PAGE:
Vein Entry Indicator Device – VEID

0

Simhi, E., Kachko, L, Bruckheimer, E. and Katz, J. (2008) A Vein Entry Indicator Device for Facilitating Peripheral Intravenous Cannulation in Children: A Prospective, Randomized, Controlled Trial. Anesthesia and Analgesia. 107(5), p.1531-1535.

BACKGROUND: Vascular access is often technically difficult in children because of the small caliber and impalpability of the veins. In this study, we sought to determine if use of the Vein Entry Indicator Device (VEID) in children facilitates peripheral venous access.

METHODS: Two-hundred-two healthy (ASA grade I and II) children scheduled for same-day surgery at a major tertiary hospital in Israel were randomly allocated to undergo VEID-assisted or standard peripheral venous cannulation. All cases involved the insertion of a 22-gauge cannula into an upper limb vein. Primary outcome measures were number of attempts to successful cannulation, rate of success at first attempt, and time required for insertion. The data were presented as mean (sd). Analyses of variance and Pearson 2 test or Fishers exact test were used to compare the groups; forward stepwise logistic regression was used to identify the three variables (age, vein assessment category, use of the VEID) significantly associated with a successful first attempt. A P value of 0.05 was considered significant.

RESULTS: Successful cannulation was achieved at the first attempt in the majority of patients in both groups. Two attempts were needed in 8% of the VEID group and 28% of the control group, and 3 attempts were needed in 1% and 3%, respectively (P < 0.01). Analysis by vein assessment category yielded a similar rate of successful first-attempt cannulations in the two groups for easy veins. However, for the difficult and intermediate categories, the rate was 89.7% in the VEID group compared to 23.3% in the control group (P < 0.001). The fewer number of attempts in the study group was associated with a shorter time from the start of the search for an appropriate vein to successful cannulation (9.1 s versus 22.5 s in the control group).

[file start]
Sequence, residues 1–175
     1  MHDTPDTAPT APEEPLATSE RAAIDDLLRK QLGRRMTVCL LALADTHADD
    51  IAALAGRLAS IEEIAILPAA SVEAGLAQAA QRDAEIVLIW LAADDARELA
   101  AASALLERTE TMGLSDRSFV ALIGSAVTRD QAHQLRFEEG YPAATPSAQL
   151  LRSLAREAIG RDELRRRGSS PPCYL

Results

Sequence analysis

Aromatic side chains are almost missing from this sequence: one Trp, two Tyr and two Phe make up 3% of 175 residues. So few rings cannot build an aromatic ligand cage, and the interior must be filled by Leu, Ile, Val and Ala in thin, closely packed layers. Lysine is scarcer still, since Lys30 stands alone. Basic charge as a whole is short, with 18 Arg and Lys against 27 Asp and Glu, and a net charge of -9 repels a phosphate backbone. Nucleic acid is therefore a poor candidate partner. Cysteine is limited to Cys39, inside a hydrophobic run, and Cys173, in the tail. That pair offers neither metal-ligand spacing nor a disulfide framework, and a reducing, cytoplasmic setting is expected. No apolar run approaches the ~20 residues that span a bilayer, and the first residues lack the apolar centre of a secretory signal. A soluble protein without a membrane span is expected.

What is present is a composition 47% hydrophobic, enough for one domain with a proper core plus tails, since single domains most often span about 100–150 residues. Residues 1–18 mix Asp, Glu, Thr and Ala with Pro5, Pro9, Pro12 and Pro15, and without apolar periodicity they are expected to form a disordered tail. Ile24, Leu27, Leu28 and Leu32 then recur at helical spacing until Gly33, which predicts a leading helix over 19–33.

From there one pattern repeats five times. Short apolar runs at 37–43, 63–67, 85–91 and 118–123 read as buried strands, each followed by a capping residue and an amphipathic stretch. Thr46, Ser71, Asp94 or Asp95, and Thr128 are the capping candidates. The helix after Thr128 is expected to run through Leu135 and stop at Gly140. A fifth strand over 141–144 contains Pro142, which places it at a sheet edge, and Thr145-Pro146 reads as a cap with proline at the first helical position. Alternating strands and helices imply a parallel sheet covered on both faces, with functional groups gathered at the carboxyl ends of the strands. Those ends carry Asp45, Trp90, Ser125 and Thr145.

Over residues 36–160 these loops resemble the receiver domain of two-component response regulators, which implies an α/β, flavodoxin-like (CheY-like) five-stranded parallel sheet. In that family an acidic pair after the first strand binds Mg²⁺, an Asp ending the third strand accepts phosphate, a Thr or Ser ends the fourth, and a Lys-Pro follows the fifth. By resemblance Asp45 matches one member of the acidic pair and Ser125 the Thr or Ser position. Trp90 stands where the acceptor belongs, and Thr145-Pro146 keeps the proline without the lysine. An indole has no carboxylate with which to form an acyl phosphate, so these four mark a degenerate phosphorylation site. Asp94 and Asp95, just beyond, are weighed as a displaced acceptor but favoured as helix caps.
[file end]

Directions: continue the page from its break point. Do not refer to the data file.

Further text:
CONCLUSIONS: The VEID facilitates the insertion of peripheral venous cannulas in healthy children with intermediate/difficult veins undergoing same-day surgery, reducing the number of attempts and the overall time required.

Click here for more news at IVTEAM
BACKGROUND: Vascular access is often technically difficult in children because of the small caliber and impalpability of the veins. In this study, we sought to determine if use of the Vein Entry Indicator Device (VEID) in children facilitates peripheral venous access.

METHODS: Two-hundred-two healthy (ASA grade I and II) children scheduled for same-day surgery at a major tertiary hospital in Israel were randomly allocated to undergo VEID-assisted or standard peripheral venous cannulation. All cases involved the insertion of a 22-gauge cannula into an upper limb vein. Primary outcome measures were number of attempts to successful cannulation, rate of success at first attempt, and time required for insertion. The data were presented as mean (sd). Analyses of variance and Pearson 2 test or Fisher’s exact test were used to compare the groups; forward stepwise logistic regression was used to identify the three variables (age, vein assessment category, use of the VEID) significantly associated with a successful first attempt. A P value of 0.05 was considered significant.

RESULTS: Successful cannulation was achieved at the first attempt in the majority of patients in both groups. Two attempts were needed in 8% of the VEID group and 28% of the control group, and 3 attempts were needed in 1% and 3%, respectively (P < 0.01). Analysis by vein assessment category yielded a similar rate of successful first-attempt cannulations in the two groups for easy veins. However, for the difficult and intermediate categories, the rate was 89.7% in the VEID group compared to 23.3% in the control group (P < 0.001). The fewer number of attempts in the study group was associated with a shorter time from the start of the search for an appropriate vein to successful cannulation (9.1 s versus 22.5 s in the control group).

CONCLUSIONS: The VEID facilitates the insertion of peripheral venous cannulas in healthy children with intermediate/difficult veins undergoing same-day surgery, reducing the number of attempts and the overall time required.

Click here for more news at IVTEAM

Share.

Comments are closed.

Free Email Updates
Join 5.5K IVTEAM members. Subscribe now and be the first to receive all the latest free updates from IVTEAM!
100% Privacy. We don't spam.